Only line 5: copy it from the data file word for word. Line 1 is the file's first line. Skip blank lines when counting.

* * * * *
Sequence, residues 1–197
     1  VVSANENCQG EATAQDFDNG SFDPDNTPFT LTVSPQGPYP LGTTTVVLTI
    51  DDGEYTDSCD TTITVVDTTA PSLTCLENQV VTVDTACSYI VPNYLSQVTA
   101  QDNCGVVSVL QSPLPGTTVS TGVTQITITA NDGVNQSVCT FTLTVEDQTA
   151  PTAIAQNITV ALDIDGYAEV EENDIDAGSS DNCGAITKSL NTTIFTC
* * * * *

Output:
   151  PTAIAQNITV ALDIDGYAEV EENDIDAGSS DNCGAITKSL NTTIFTC